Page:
Aaah, the sixties.
Flower Power, Stop the Vietnam War, free love, and an artist could use almost anything as the brush – including naked women.
Apparently the idea of painting using the form and movement of the body first came to Klein while practicing judo.
“A 1960 work by the French conceptual artist Yves Klein is expected to fetch $10 million (£6.7m) at an auction at Christie’s in New York. ‘ANT 93, Le Buffalo’ was painted using a naked female as a brush.’
source: The Independent Newspaper, Friday March 5 2010 (page 19)
“Measuring some nine feet across, this breathtaking piece is being offered at auction for the first time. One of the best works from his “Anthropometrie” series which involved applying paint using the bodies of naked female models, often referred to as “living brushes”, this masterpiece is truly a class apart. The process of creating his unique paintings was also quite queer. Apparently, Klein would dress in evening wear and white gloves and conduct the production of his painting to the accompaniment of an orchestra playing “Symphonie Monotone”. Christie’s has also reproduced a photograph of the painting hanging on the artist’s sitting room wall in his Paris apartment. The painting promises to be the star attraction of Christie’s postwar and contemporary sale scheduled to take place on May 11.” – Luxury Launches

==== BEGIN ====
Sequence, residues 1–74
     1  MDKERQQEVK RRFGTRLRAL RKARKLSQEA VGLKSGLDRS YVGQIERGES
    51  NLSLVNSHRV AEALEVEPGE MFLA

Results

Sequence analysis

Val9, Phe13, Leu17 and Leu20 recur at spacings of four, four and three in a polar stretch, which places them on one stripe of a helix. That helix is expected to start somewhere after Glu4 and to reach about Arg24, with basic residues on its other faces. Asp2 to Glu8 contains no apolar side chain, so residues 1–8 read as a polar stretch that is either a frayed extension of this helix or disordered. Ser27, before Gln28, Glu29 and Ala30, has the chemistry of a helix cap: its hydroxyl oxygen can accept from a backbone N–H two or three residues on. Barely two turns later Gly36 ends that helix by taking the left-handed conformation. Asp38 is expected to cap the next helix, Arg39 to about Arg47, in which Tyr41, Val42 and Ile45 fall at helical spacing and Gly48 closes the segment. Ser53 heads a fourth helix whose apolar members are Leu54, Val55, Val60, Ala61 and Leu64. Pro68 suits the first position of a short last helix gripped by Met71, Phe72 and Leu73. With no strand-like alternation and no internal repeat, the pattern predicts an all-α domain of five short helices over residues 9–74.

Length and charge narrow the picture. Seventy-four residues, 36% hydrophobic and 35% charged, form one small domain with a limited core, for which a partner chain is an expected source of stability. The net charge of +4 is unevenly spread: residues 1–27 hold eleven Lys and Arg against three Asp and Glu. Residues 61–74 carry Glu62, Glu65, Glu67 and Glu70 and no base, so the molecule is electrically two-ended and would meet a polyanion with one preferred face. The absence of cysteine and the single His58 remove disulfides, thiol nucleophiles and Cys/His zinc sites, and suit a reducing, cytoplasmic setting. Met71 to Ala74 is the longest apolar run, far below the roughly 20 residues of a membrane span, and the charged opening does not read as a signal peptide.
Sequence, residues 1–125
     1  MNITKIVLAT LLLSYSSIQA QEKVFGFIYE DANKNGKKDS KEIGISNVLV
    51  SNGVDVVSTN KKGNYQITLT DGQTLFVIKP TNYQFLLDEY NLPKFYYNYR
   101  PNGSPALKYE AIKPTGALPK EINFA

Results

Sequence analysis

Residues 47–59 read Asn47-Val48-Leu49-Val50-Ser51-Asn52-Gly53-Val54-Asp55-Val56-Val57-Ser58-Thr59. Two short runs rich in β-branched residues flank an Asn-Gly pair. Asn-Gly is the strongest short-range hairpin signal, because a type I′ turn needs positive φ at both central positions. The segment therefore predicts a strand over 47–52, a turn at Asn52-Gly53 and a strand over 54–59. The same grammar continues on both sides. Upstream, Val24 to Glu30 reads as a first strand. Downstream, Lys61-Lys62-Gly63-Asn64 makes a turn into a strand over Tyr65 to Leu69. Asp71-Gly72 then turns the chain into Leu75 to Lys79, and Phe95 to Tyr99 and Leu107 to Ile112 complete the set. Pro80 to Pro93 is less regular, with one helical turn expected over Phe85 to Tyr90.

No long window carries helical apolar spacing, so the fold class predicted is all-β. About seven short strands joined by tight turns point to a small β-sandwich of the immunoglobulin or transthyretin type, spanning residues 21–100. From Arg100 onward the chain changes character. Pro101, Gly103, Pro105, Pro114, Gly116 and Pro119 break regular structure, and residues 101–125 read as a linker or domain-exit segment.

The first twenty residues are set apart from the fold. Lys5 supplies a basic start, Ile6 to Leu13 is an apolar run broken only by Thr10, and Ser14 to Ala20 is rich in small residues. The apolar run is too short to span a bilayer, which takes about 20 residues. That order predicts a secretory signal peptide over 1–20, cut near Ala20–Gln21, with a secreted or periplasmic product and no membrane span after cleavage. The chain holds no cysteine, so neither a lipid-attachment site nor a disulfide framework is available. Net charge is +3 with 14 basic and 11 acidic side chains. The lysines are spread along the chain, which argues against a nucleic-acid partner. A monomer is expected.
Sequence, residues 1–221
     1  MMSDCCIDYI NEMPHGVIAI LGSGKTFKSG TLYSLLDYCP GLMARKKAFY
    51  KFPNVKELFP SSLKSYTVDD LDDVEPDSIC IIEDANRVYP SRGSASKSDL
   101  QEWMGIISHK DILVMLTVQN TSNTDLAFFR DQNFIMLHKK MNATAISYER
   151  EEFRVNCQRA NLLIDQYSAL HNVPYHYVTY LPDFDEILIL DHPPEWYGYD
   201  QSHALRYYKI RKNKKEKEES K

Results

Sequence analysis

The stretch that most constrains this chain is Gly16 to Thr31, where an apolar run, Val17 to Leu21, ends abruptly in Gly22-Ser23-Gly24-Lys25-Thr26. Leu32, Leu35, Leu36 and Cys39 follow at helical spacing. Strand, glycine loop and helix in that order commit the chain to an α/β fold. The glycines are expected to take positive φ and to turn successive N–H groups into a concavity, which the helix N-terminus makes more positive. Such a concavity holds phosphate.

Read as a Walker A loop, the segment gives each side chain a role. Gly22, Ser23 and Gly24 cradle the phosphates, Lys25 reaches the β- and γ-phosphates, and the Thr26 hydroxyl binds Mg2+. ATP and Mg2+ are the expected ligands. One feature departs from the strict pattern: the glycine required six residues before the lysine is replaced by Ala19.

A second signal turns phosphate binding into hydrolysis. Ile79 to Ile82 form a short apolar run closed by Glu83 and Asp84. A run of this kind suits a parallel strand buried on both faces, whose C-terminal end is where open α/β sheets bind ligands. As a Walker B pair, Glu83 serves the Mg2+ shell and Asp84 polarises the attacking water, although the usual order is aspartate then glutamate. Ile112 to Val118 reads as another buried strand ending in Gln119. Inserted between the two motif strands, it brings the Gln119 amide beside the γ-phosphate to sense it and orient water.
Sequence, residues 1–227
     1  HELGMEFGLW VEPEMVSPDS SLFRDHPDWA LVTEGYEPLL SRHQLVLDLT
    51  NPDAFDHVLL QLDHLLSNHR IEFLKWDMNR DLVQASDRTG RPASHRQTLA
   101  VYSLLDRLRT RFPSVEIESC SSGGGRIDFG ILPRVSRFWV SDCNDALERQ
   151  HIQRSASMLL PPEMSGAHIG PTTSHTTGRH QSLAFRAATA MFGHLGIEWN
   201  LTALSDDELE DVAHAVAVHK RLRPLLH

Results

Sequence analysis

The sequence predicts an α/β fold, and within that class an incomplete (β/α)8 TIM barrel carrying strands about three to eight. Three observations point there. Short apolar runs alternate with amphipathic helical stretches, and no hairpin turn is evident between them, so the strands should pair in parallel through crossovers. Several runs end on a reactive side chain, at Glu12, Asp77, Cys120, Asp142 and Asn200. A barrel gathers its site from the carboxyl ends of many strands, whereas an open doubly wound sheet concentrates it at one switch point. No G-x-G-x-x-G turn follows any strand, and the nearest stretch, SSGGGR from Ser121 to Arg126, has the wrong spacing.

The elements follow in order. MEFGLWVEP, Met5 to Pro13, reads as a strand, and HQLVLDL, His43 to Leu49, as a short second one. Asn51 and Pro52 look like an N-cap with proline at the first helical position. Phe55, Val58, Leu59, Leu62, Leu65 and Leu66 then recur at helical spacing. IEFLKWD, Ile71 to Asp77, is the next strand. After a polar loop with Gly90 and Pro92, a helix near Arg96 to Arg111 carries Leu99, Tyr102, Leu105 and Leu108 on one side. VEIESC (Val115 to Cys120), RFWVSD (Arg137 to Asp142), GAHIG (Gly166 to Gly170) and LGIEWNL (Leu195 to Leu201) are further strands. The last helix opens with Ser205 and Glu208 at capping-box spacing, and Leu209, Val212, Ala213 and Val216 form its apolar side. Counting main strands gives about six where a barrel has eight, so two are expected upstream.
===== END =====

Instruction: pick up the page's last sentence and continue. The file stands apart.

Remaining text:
Actually it still happens in some Diploma Visual Arts exhibitions.
Not , of course, the flower power and the free love etc, but the tell-tale smears of paint left by a body rolling and sometimes dancing on large sheets of paper or canvas.
Every so often I am confronted with large sheets of paper taped together, and covered with the imprints of the candidate’s body (sometimes naked, sometimes partially naked) – or occasionally with imprints of the candidate’s friends bodies – in a Kleinesque artwork.
Well, it could be part of a demonstration of “personally relevant artworks that show excellent exploration of ideas reflecting cultural and historical awareness and artistic qualities”, and it could be a demonstration of “confidence and inventiveness” (visual arts assessment descriptors).
Using a slightly different technique, another visual arts student, whose experience of years of domineering and relentless ballet instruction that left scars on her psyche, dipped her toes into paint and danced her way across the canvas – as one of a number of statements about ballet in her final exhibition.
See also YouTube “Yves Klein – Blue Women Art – 1962”